My gripe with Wanogho is more about his lack of fluidity when he moves. The reason I like Josh Jones as a LT prospect is just how well he moves at his weight. He’s a very smooth mover. Wanogho can move okay, and if you add his size as a qualifier, he moves very well. But he does struggle to move smoothly. It’s choppy, almost lumbering and it makes me worry about his ability to be a tackle at the next level.

I think he could start at Guard, and taking him with Ifedi on the roster gives you some internal evaluation time to see if he can translate to Tackle at the next level.


2nd Round - Pick 32: Logan Sternberg, OG, Kentucky

Sternberg is a guy that most everyone has heard about on this board and for good reason. He is a fantastic guard prospect and it boggles my mind that he is still being talked about in some places as a third round pick. He plays with great power and once he’s engaged with someone he locks them down. He’s also athletic. I remember Matty Brown talking about how Iupati being out in the playoffs really affected Seattle's run game because Jamarco Jones lacked the athleticism to pull across the line. Sternberg shouldn’t have that problem. I could see Sternberg stepping in Day 1 for Seattle and locking down the LG spot.

Sternberg has problems with leverage at times, and it can affect his ability to push an anchoring DL so you can see him get high at times. But for those of you that follow Tony Pauline, he mentioned in a Senior Bowl podcast that the prevailing theory from the scouting community is that it won’t be a problem.

Not the most exciting of picks but it does give you a starting piece on the OL.


3rd Round - Pick 10: Tyler Biadasz, C, Wisconsin

This scenario assumes that Ruiz and Cushenberry are off the board and that the current Center hype cools by draft time. I actually think Biadasz is a fine prospect that gets fairly overshadowed by Ruiz and Cushenberry. What Biadasz offers is an ability to anchor, which is something that Joey Hunt just doesn’t have. And if Seattle is looking for a true successor for Justin Britt, Biadasz may be the best option in the draft. One of the issues with Cushenberry was his anchor. Now, Biadasz didn’t play in the SEC so there's level of competition to consider.

He can struggle to drive his man off the line and I do have questions about his power, but, for as good as Jonathan Taylor is, his OL contributed to his strong season and I don’t think Biadasz was a weak link.


3rd Round - Pick 36 Quintez Cephus, WR, Wisconsin

Cephus is another powerful man, in the vein of Hines Ward and Anquan Boldin. He plays violent and knows how to use his strength to separate from tight coverage. He’ll fight for more yards and he’ll do the dirty work that every team needs. I really like the Hines Ward comparison for Cephus, because he’s the type of player that is going to fight for that extra yard and get a first down in a critical spot. His hands are also extremely impressive.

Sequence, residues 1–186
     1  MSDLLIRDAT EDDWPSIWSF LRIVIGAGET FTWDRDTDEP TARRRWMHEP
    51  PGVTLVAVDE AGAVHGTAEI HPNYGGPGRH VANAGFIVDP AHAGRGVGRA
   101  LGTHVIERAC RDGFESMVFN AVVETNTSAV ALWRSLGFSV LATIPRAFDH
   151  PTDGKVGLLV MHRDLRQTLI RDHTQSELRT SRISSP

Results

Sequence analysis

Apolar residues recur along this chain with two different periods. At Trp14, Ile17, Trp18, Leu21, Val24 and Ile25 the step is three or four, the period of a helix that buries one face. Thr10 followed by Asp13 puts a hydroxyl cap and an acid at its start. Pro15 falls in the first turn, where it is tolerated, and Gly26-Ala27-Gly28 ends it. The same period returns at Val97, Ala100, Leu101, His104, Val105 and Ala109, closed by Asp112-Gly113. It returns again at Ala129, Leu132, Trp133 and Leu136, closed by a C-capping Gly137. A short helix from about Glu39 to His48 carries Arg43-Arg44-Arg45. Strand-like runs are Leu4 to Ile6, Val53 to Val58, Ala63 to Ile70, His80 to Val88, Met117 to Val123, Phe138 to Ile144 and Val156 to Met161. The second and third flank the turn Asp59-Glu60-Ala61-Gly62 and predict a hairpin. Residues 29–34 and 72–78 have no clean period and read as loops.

I try to stay out of off the field stuff, but Cephus will go later than his talent probably should because of some off field trouble that seems to follow him.


3rd Round - Pick 37 Leki Fotu, DL, Utah

Once Al Woods was suspended last season, there was a noticeable drop in the play of the DL. Outside of Poona, Seattle doesn’t have good depth at the DT position. Particularly DL that are stout against the run.

Fotu offers a solution for that problem. He doesn’t offer much in the form of pass rush, but the guy can swallow up blockers and carries a ridiculous amount of weight very well. He has solid hand use and a good first step, but I’m not sure there’s a pass rusher to be found here. But having a guy that can shut down the run to go with Poona Ford would help immensely in a division of Run Heavy teams.


4th Round - Pick 27: Devin Duvernay, WR, Texas

I’m interested to see how Duvernay tests at the combine, because he seems well suited to a role that gets him open in space and lets his RAC ability take over. But I am not sure he has the speed for that to translate at the next level. It’s weird, but when I watch Duvernay I see a weird hybrid of Doug and Golden Tate, with a little bit of running back peppered in. I am NOT saying that Duvernay will have the careers of either of those players, but those players would pop into my head when I watched him.


4th Round - Pick 40: Josiah Deguara, TE, Cincinnati

What do you do when your entire TE room has a history of injuries? You draft Josiah Degura. I think Degura is as good as Jacob Hollister is now and could be the player to fill in due to injury and become an important role player for the team. Degura isn’t the greatest blocker, he’s not the fastest guy, but he has good hands, can run good routes and can line up inline, in the slot and in the backfield. He can be one of the depth guys that does the little things to help Seattle win.


5th Round - Pick 16: Jalen Elliott, S, Notre Dame

I’m putting Elliott here because of this Jim Nagy tweet:


Elliott can be a hedge against Tre Flowers. If Flowers can’t rebound from a down year, or gets hurt, or does legitimately improve to the point of becoming a true Pro Bowl CB, then Elliott gives you a hedge either way.

If Nagy is right and Elliott can become an NFL CB, then Seattle is probably the perfect place for him to land, since we like conversion prospect. If he can make Flowers tradeable/expendable if he can make the transition.

He’s a physical player with the length and speed to be a CB in Seattle’s system.


6th Round - Pick 43: Nyles Pinckney, DT, Clemson

Another stocky DT that has great lateral movement. Pinckney actually reminds me a bit of Al Woods. Stocky guy with great lateral agility. He doesn’t play with a ton of power but he knows how to find and plug a gap. There’s a role for a player with that skill set on this team



1) Shores up the trenches with three picks on the OL and DL.
2) Gets 2 Solid WR Prospects that offer skillsets that could lead to early play time.
3) Adds a hedge against an injury prone TE Room.


1) No star power on the EDGE.
2) Lack of talent infusion in the RB room.
3) No new “Stars” for Russell.